Sadly, the people who want the border wall, likely will not care that it will drastically impact wildlife along the border.
But over at Vox, an excellent piece by Eliza Barclay and Sarah Frostenson lays out an amazing argument (and demonstrates visually) how this will impact biodiversity along the border.
Sadly, as this wall becomes a reality (if it becomes a reality) this is not the first or the last time we’ll be having this discussion.
I LOVE ME SOME TRANSITIONAL FOSSILS!
But this one is particularly interesting, as it fills a crucial hole in the fossil record and demonstrates how four-limbed creatures became established on land. Found on the Scottish border, it’s called (wait for it…) Tiny.
Read about it here!
The journal, Nature, has come out in support of the march for science.
While the journal recognizes there are some strong arguments against marching, being a scientist who stand up and speak up globally for research have a chance to make a greater one.
Read about it here.
And read about the march/consider marching/support your local march/donate/call your representatives for SCIENCE.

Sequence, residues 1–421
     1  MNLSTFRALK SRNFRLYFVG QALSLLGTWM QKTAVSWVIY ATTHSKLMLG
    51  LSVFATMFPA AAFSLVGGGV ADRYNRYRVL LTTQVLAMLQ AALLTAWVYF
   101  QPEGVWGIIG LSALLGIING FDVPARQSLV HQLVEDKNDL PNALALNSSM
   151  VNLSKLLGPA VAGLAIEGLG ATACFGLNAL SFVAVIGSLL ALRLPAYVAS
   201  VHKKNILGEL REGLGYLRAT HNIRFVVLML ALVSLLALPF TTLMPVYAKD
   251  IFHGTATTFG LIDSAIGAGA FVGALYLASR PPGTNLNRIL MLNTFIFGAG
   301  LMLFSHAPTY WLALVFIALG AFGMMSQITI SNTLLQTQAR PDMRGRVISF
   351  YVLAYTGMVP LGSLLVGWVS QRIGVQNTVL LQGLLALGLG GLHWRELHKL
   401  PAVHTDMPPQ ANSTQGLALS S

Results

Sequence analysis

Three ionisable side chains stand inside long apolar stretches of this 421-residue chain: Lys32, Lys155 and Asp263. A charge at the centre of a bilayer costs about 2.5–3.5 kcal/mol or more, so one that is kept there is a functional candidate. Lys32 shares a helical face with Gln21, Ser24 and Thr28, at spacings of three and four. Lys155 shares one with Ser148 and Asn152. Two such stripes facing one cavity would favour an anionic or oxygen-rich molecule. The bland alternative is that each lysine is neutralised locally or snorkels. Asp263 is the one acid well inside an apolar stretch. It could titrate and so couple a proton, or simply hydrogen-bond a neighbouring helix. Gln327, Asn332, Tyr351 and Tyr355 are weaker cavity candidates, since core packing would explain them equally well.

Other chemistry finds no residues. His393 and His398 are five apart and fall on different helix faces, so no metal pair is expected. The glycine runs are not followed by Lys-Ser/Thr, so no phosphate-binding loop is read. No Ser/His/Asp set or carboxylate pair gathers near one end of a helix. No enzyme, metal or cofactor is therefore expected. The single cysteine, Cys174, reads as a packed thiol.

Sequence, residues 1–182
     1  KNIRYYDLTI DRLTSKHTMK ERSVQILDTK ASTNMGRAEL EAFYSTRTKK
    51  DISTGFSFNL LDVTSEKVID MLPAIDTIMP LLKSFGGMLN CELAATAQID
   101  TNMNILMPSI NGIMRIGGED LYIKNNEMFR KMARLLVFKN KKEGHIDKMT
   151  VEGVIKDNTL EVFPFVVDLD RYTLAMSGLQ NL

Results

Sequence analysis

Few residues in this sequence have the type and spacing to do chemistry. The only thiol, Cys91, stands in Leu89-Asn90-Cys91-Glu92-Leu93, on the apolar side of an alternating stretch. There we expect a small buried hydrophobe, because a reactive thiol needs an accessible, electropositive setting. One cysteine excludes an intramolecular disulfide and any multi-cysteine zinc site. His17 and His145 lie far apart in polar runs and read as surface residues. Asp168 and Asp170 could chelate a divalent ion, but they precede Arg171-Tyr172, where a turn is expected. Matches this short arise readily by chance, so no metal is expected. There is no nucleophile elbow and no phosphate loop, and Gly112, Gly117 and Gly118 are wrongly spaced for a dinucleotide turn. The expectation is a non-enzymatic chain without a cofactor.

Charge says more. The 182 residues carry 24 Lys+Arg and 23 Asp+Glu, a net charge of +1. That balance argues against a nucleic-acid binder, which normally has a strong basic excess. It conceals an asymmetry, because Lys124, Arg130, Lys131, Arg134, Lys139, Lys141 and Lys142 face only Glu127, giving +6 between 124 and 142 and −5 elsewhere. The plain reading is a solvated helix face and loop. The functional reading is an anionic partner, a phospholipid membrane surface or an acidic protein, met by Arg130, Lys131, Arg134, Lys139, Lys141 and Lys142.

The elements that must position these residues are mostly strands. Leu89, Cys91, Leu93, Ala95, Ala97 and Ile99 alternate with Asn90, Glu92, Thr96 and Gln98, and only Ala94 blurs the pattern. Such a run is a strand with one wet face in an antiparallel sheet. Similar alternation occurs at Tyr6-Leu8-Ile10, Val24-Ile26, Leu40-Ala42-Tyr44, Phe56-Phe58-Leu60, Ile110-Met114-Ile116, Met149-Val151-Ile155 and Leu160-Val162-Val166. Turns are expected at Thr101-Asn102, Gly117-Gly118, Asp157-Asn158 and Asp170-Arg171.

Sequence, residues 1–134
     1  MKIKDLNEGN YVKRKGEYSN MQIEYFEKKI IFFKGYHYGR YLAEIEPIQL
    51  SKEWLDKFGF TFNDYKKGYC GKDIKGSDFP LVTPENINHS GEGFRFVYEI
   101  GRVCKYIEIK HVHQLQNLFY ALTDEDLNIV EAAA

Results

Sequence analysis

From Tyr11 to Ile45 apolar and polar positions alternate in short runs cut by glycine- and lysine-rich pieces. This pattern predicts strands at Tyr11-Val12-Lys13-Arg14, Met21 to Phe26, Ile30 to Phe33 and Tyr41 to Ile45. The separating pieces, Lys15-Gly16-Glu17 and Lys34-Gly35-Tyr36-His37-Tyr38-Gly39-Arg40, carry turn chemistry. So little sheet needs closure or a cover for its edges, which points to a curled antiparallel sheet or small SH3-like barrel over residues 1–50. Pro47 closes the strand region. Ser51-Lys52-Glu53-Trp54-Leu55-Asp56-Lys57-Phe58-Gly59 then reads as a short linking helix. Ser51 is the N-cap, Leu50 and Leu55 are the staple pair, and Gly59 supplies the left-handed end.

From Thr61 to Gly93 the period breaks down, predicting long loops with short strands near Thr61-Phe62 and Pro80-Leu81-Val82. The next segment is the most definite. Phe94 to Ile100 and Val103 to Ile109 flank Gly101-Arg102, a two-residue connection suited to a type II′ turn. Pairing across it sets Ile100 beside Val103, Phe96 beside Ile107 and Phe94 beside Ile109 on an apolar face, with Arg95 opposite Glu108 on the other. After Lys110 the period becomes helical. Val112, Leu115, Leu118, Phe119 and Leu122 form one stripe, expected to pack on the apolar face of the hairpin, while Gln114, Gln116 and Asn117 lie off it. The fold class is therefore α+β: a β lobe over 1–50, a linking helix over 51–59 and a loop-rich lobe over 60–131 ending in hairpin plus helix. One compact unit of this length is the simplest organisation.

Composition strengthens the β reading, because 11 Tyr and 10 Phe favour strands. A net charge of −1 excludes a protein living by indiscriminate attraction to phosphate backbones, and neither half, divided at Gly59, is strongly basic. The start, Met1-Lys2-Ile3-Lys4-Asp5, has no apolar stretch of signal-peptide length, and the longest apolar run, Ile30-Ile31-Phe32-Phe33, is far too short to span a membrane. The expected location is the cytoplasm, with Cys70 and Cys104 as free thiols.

It’s no secret on this blog that I’m fascinated by the intelligence, and recent increase in population size of cephalopods (and by extension their potential to take over our world…).
Octopuses can open jars, squid communicate with their own Morse code and cuttlefish start learning to identify prey when they’re just embryos.
And it turns out that their intellect might be related to the way that they edit their genes. Read about it here.
It’s pretty hard to quantify how “good” a genome or transcriptome assembly is. How do you tell you got it right? How complete is it?
One way to determine if it’s a good is N50, which is kind of a confusing concept. It’s not quite the mean, or the median length, but it is well explained in a new post over at the Molecular Ecologist!
And they promise that the importance/misinterpretation of this well used standard for genome/transcriptome assembly will be explained in future posts.
I’m looking forward to the rest of the series!
In academia, sometimes you need to be a gatekeeper, sometimes you need to be an editor. But knowing when to play either role is important, and can really make a difference to the student/young scientist/person whose work you are editing.
In their ongoing discussion of the role of peer review, Dynamic Ecology has an excellent blog post addressing this distinction.